Here I am in 1976, looking at my lifer Kirtland's Warbler, perfectly happy to not get a photo of the bird. Russ took this photo of me--our camera had too short of a lens to get a picture of the bird itself. 
Kirtland's Warbler
Here is a Kirtland's Warbler I photographed in 2011. By this time I was more likely to be carrying a camera than binoculars!

I got my first digital camera in 2000. It had two or three megapixels and a bit of a zoom. I took a few photos of close birds in Costa Rica and when visiting my aunt in Florida, but used the camera mainly for people and scenery, and more often than not, left it home when I was birding.

I took this photo in Costa Rica in 2001. Very few photos of birds, but quite a few of my daughter Katie!
In 2005, when I first started writing a blog, I figured out how to take photos with a small digital camera through a good spotting scope. That is called digiscoping, and suddenly I was getting some pretty good photos of some of my favorite birds.

Le Conte's Sparrow
I digiscoped this Le Conte's Sparrow in June 2005, using a Canon PowerShot SD 500 and my Zeiss spotting scope. It's still one of my favorite photos ever. 
As the cameras in smart phones improved and point-and-shoot digital cameras got better, suddenly a whole generation of birders was learning to identify the birds in their photos rather than scrutinizing them in the field. Soon even us old-school birders were documenting rare sightings with photos, and with Facebook, Twitter, and especially eBird, other birders started hearing about rare sightings while the person who discovered the bird was still right there, watching it. Now documentation almost always requires a photo and sometimes a sound recording rather than painstakingly written descriptions.

Ivory Gull
Birders looking at this Ivory Gull in Duluth in 2016 spent more time photographing it than looking at it with binoculars. 

I’ve adapted with the times. In January 2009, when I was working at the Cornell Lab, I bought a good DSLR camera and a 100-400 mm lens. Now if I have to leave some of my optical equipment at home, it’s more often my binoculars than my camera, which I take everywhere.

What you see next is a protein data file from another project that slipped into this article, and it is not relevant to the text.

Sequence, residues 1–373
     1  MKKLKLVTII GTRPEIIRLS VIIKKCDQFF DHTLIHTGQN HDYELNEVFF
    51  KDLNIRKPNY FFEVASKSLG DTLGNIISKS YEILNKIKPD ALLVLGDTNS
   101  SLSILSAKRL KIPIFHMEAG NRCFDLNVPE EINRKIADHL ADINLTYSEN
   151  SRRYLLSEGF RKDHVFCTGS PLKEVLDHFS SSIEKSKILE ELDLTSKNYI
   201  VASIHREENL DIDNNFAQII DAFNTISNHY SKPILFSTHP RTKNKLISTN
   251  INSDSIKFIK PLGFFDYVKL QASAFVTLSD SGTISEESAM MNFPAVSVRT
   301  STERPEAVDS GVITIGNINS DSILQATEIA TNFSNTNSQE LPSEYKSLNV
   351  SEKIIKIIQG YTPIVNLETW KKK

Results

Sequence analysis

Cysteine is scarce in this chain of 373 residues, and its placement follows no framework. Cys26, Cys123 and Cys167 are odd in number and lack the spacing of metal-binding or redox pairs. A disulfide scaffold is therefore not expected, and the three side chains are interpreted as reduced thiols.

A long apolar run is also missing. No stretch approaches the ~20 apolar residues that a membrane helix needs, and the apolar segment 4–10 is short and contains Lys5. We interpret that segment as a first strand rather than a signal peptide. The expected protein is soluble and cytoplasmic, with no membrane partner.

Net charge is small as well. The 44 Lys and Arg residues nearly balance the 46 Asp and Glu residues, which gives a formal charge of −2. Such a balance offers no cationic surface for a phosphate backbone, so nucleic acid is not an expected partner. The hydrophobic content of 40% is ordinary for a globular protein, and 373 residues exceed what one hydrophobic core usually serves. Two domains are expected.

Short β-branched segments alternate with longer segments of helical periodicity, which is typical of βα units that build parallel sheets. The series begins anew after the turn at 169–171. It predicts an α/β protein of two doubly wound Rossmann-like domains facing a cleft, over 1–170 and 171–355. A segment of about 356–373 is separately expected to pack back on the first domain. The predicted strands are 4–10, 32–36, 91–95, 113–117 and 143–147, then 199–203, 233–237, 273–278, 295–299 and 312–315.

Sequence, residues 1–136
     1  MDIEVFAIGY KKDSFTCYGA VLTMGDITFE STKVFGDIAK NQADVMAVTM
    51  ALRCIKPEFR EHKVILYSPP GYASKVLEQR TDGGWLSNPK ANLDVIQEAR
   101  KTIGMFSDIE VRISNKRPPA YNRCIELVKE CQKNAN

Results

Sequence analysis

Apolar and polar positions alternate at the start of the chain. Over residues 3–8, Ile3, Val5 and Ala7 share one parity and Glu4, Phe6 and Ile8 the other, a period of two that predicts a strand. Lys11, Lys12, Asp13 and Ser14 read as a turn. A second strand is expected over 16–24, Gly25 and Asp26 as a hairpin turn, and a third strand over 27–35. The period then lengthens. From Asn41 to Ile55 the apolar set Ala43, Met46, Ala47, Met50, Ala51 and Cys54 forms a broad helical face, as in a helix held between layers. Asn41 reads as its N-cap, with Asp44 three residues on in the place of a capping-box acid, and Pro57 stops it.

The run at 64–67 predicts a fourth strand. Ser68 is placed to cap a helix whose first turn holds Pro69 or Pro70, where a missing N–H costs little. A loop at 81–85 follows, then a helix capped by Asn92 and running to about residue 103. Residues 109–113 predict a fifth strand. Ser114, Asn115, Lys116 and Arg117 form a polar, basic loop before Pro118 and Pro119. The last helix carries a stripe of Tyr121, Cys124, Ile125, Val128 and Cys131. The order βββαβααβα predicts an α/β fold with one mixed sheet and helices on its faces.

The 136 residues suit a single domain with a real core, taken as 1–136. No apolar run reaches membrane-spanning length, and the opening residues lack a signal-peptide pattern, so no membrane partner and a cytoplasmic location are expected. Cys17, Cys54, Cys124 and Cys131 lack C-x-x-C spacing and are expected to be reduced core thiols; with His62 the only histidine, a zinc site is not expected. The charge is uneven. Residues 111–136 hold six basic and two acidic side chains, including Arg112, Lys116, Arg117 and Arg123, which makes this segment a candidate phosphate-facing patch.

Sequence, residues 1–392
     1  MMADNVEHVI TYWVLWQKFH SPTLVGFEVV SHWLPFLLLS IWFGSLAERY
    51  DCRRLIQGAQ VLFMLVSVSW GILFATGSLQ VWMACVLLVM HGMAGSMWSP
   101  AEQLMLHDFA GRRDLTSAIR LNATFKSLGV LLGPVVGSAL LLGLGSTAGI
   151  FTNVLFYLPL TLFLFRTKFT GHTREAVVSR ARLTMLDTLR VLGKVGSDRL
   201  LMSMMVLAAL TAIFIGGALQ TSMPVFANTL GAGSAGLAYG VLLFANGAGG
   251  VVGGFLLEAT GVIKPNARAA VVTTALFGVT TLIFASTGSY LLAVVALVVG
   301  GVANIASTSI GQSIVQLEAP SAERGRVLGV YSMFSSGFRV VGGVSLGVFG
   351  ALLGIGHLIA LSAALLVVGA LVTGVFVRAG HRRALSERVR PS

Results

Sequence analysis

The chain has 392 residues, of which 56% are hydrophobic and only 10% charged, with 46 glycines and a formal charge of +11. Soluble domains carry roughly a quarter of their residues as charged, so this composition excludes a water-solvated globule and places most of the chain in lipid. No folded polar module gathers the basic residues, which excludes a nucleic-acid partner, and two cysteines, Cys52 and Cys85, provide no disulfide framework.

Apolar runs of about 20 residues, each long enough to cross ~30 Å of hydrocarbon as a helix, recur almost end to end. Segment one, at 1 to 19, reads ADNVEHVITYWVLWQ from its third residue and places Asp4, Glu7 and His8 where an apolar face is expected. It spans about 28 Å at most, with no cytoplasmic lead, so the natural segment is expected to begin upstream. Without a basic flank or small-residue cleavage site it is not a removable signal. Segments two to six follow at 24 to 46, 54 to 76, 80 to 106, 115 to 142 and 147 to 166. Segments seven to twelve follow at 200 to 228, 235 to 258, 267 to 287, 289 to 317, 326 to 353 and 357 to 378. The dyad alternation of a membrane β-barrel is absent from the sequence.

I consider myself a birdwatcher who takes pictures rather than a nature photographer. It’s not that I don’t take myself seriously enough because I’m a woman, though I do think most people, male and female alike, take ourselves way too seriously. In this case, though, it’s that I invest my time and effort into learning more about birds rather than the principles of photography. Many of my photos have been published in magazines, and National Geographic even included one in my Pocket Guide to the Birds of North America.

Yellow-rumped Warbler
I photographed this Yellow-rumped Warbler with a small Canon point-and-shoot camera in 2006. This is the photo National Geographic used in my Pocket Guide to the Birds of North America.
My friends who consider themselves “real” photographers publish so many more images of such enormously high quality, and are so much more consistently skilled than I, that I leave the real photographic expertise to them, and take my own identity from my own area of expertise.

Ironically, sometimes people ask me to teach photography workshops, though I honestly have only one piece of advice for people who want to take bird photos: No matter how cheap or expensive your equipment may be, get out there and take as many bird photos as you can. Little by little, you’ll improve, and from the very start will get a few splendid photos.

I pretty quickly figured out that when a bird is backlit, it’s important to overexpose it.

Common Nighthawk
I over-exposed this flying nighthawk by 1 1/3 stops.

It took way longer for me to figure out that when a bird is lurking in dark shadows, it’s important to underexpose it.

Andean Cock-of the-rock
This Andean Cock-of-the-Rock was deep in a dark ravine. I underexposed the photo by 2/3 stop. 

After years of using Photoshop and Lightroom, I’ve also grown better at tweaking my photos without over-tweaking them. But I’ve never learned photography systematically, so wouldn’t have a clue how to teach it the way I do it, by trial and error and just taking a whole lot of photos so I’ll have a little wheat here and there in the chaff.

Over the years, I’m finding that my percentage of good photos is improving, but I have the right kind of personality for my lackadaisical approach, in that I don’t get frustrated or upset when my photos turn out awful. People who put in the time and effort to learn how to take consistently good photos are the “real” photographers. I’m still just a birder who takes pictures. Real photographers get frustrated when their pictures don’t turn out, and when they take what looks like a genuinely perfect shot, they pay closest attention to what they could have done even better. Me—when I take even a marginally good shot, I’m overwhelmed with delight.